**Transformations of the sine function**
**Amplitude**Multiplying $\sin(x)$ by a positive constant $A$ causes its graph to oscillate between $A$ and $-A$ instead of between $1$ and $-1$. For instance, the following graph shows $2\sin(x)$ (plotted in red).

$y = \sin(x) \qquad \qquad \qquad$$y = 2\sin(x)$

For this reason we say that the function $2\sin(x)$ of $x$ has

**amplitude $2$.**
**Vertical shift**Adding a quantity $C$ to $\sin(x)$ causes its graph to shift upwards by $C$. (If $C$ is negative, this is understood to mean shifting

*downward* by $|C|$.) For instance, the following graph shows $1/2 + \sin(x)$ (plotted in red).

$y = \sin(x) \qquad \qquad \qquad$$y = 1/2 + \sin(x)$

**Horizontal shift**If $a$ is positive, then replacing $x$ by $x-a$ causes the graph of $\sin(x)$ to shift right by $a$ units, and replacing $x$ by $x+a$ causes the graph to shift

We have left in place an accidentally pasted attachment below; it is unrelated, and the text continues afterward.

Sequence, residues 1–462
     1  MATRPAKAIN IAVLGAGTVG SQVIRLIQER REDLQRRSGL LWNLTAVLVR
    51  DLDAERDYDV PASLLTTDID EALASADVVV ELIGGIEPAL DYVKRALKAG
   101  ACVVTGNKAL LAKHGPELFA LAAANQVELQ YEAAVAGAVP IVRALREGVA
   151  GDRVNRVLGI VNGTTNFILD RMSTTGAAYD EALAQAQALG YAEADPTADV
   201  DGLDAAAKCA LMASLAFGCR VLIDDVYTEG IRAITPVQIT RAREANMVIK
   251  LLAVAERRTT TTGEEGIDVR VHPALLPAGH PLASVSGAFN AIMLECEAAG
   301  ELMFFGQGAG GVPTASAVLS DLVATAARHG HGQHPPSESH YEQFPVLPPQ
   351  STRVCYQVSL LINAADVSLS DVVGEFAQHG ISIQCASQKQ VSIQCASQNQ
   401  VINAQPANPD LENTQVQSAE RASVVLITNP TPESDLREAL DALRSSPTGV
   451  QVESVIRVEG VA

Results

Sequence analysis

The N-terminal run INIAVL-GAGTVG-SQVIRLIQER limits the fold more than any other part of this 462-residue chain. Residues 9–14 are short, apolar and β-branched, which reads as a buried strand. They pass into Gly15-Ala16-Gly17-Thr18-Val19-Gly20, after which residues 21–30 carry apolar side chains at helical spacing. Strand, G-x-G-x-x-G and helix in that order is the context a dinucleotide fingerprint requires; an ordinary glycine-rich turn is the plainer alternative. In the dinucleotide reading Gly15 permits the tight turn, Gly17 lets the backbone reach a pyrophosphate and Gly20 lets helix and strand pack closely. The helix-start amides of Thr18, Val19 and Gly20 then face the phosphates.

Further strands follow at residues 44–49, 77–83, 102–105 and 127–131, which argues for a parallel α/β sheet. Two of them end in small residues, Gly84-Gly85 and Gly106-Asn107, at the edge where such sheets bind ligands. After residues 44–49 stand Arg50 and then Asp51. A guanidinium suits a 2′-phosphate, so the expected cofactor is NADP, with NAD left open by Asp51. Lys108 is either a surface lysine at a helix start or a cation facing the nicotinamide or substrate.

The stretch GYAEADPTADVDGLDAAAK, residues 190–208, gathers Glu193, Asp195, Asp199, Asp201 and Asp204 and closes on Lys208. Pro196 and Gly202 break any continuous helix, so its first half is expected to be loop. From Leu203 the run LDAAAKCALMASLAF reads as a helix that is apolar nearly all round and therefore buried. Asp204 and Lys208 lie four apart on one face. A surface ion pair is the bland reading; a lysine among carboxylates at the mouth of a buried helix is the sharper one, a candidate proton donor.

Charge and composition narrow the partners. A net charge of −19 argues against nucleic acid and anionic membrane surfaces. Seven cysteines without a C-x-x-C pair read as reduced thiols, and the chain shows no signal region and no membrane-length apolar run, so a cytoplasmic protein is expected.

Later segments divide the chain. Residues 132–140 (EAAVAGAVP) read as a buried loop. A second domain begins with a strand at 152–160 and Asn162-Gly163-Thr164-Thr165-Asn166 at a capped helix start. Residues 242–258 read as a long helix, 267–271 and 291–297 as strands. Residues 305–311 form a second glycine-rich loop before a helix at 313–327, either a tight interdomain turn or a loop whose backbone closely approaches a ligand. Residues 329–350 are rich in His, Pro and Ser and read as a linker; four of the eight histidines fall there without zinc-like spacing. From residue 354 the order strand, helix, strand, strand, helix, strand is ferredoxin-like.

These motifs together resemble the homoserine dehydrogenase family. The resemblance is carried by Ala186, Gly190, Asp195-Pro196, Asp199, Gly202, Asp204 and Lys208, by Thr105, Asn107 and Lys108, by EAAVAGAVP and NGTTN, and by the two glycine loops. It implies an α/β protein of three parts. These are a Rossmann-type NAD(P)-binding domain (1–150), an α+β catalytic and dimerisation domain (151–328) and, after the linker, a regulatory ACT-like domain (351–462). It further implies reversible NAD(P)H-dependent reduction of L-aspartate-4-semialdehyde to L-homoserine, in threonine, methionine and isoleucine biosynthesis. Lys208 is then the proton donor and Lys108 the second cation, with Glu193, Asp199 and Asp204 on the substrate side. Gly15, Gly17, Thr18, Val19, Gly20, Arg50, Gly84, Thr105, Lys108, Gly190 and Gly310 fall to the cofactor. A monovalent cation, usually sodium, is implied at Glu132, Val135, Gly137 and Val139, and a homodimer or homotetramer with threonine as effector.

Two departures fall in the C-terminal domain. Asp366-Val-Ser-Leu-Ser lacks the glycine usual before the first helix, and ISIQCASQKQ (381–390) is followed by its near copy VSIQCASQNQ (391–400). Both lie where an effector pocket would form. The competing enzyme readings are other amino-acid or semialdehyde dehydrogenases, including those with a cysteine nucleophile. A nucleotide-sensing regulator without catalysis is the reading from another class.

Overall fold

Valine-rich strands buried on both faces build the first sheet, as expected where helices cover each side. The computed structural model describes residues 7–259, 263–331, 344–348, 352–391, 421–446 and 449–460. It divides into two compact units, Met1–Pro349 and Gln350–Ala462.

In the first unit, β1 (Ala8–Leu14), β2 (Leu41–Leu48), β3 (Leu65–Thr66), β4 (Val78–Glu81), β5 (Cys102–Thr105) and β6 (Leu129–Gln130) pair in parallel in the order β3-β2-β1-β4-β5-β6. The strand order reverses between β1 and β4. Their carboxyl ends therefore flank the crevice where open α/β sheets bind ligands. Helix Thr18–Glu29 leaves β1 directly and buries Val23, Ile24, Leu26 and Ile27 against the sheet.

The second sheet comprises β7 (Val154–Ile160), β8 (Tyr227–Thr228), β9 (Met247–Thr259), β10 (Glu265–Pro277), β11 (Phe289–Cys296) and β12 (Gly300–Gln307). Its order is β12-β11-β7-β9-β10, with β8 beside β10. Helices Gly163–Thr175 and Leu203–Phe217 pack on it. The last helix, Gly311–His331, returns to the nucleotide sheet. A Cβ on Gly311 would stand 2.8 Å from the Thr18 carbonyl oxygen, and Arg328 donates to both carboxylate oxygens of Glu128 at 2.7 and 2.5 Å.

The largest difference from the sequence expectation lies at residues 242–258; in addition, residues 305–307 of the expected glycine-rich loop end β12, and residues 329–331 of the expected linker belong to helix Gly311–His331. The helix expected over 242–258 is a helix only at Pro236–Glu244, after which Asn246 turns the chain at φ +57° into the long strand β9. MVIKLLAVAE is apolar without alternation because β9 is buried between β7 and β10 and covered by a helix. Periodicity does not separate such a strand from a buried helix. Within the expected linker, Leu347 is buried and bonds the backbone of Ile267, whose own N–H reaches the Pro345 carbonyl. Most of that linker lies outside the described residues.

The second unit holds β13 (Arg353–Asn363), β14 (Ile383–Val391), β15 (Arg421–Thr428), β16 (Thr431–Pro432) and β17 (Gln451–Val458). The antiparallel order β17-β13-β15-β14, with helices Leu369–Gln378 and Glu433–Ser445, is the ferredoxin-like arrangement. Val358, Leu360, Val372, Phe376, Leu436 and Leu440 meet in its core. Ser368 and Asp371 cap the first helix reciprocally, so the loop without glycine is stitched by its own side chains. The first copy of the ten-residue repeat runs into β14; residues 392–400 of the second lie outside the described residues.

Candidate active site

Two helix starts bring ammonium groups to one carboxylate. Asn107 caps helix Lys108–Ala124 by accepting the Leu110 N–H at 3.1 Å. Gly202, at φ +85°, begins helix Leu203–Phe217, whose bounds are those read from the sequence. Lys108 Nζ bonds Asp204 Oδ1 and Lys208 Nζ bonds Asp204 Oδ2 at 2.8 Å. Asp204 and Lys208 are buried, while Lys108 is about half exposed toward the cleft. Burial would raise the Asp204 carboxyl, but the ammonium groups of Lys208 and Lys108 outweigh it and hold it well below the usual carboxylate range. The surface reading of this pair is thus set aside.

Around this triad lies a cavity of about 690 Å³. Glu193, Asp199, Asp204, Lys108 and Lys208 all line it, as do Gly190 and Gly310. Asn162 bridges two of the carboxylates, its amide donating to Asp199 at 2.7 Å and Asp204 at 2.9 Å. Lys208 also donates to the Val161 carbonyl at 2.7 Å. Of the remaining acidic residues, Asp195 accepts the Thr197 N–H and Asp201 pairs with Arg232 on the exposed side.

*left* by $a$ units. For instance, the following graph shows $\sin(x-\pi/4)$ (plotted in red).

$y = \sin(x) \qquad \qquad \qquad$$y = \sin (x-\pi/4)$

**Angular frequency**If $\omega$ is positive, then replacing $x$ by $\omega x$ causes the graph of $\sin(x)$ to oscillate $\omega$ times as fast. For instance, the following graph shows $\sin(2x)$ (plotted in red).

$y = \sin(x) \qquad \qquad \qquad$$y = \sin(2x)$

For this reason we say that the function $\sin(2x)$ of $x$ has

**angular frequency $2$.**